Most of the well-known forecasters have weighed in with their 2007 forecasts now, so let’s take a look at what is being predicted.
• NHC/NOAA Hurricane forecast summary:
13 to 17 tropical storms
7 to 10 of them becoming hurricanes.
75% chance of above normal hurricane activity according to the NOAA’s NHC.
Other people are predicting:
• William Gray from Colorado State predicts 17 named storms with 9 hurricanes.
• AccuWeather calls for 13-14 tropical storms with 9 becoming hurricanes.
• Tropical Storm Risk (back in March) expected to bring 17 tropical storms, of which nine will strengthen into hurricanes.
Essentially all within the same ball-park.
What does this MEAN? It means that the experts think that we’ll have a busy season – we may or we may not, see below. So what should you do now? You have two choices: prepare now and be ready if a hurricane hits your area or don’t prepare and have no options. Preparation is a pretty simple matter when you have time to prepare, so the smart choice is to be ready.
In our view, these forecasts are an educated guess based on statistical analysis of previous seasons as applied to current seasons’ weather patterns. There is currently no magic box (or even sophisticated computer program) that can provide an accurate forecast for the number of storms. That said, the annual predictions are a worthwhile exercise in order to advance our knowledge. Studying current weather patterns, comparing these patterns with previous years, and then attempting to forecast based on the intersection between the two advances our knowledge incrementally and advancing knowledge is very worthwhile.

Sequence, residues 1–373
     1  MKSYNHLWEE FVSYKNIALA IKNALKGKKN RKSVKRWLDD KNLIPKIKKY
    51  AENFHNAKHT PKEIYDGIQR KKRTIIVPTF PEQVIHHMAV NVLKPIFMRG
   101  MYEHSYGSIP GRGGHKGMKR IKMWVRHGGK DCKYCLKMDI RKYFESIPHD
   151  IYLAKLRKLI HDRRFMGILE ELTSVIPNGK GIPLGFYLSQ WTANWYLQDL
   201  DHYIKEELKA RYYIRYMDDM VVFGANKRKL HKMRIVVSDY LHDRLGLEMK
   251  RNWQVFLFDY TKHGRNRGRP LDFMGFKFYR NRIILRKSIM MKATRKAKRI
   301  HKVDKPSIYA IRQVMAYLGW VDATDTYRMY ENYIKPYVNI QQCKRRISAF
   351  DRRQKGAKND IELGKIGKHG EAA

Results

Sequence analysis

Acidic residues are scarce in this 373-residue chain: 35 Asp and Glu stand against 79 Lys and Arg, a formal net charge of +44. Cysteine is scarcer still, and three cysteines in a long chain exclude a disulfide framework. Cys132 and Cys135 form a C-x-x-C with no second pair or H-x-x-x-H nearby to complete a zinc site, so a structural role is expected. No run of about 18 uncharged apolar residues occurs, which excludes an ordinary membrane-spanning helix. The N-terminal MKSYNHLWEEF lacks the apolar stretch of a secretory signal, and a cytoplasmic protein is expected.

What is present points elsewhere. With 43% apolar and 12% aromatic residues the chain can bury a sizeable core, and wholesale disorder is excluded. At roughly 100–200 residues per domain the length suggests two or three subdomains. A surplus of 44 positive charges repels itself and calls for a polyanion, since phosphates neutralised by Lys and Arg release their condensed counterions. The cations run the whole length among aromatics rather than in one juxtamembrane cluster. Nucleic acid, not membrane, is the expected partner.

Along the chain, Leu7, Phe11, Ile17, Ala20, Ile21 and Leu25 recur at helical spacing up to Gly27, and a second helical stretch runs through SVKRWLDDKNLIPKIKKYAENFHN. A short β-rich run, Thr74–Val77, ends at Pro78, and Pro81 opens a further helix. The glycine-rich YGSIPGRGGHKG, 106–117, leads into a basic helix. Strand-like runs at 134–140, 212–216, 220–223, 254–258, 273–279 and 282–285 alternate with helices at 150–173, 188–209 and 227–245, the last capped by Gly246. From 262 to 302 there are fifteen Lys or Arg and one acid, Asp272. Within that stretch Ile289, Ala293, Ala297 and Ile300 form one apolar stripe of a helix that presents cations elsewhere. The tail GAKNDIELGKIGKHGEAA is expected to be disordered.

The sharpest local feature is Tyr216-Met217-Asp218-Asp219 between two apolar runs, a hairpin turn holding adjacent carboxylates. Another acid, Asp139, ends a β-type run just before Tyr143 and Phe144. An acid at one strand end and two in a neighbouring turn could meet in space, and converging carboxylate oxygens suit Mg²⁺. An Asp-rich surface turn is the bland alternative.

When the actual number of storms falls near the long term average, the forecasts are general correct since the forecasters generally end up predicting trends near the average while adjusting for various well known factors. The way forecasting works (usually) is you start with a long term average as your prediction and then you adjust it up or down based on various factors. For example, El Nino or La Nina’s presence or lack thereof will cause forecasters to adjust their predictions up or down. Patterns over the Atlantic, dust or lack of dust from Africa work similarly. Sea surface temperatures impact the forecasts also. It is merely a matter of how much each factor will impact storm formation and whether the impact will be up or down.
Let’s recall previous year predictions compared with the actually events. Please remember, the forecasters do their best with the knowledge they have.
2006 ended with 10 named storms (one between Alberto and Beryl that was unnamed during the season and only identified in the post-season analysis).
CSU had predicted 17 storms
AccuWeather: 6 tropical cyclones (3 major) will strike US coast (none did), with a total number “above average”
* 13-16 named storms (hurricanes and tropical storms)
* 8-10 of which will become hurricanes
* 4-6 of which will be major hurricanes (category 3 or higher)
In summary, the number of storms was well below predictions.
Actual: 28 tropical storms, 15 hurricanes, 7 major
CSU’s May forecast, predicted 13 named storms for 2005, which was obviously well off.
NOAA: 12-15 Storms, 7-9 hurricanes, 3-5 of them major
In short, the number of storms greatly exceeded pre-season predictions.
Actual: 15 storms, 9 hurricanes, 6 major
NOAA: 12-15 Storms, 6-8 hurricanes, 2-4 major
CSU: 14 storms, 8 hurricanes, 3 major (May 2004 forecast)
The number of storms in 2004 fell in the average range and consequently pre-season predictions were quite accurate, only fall well below actual numbers in the “major storms” category.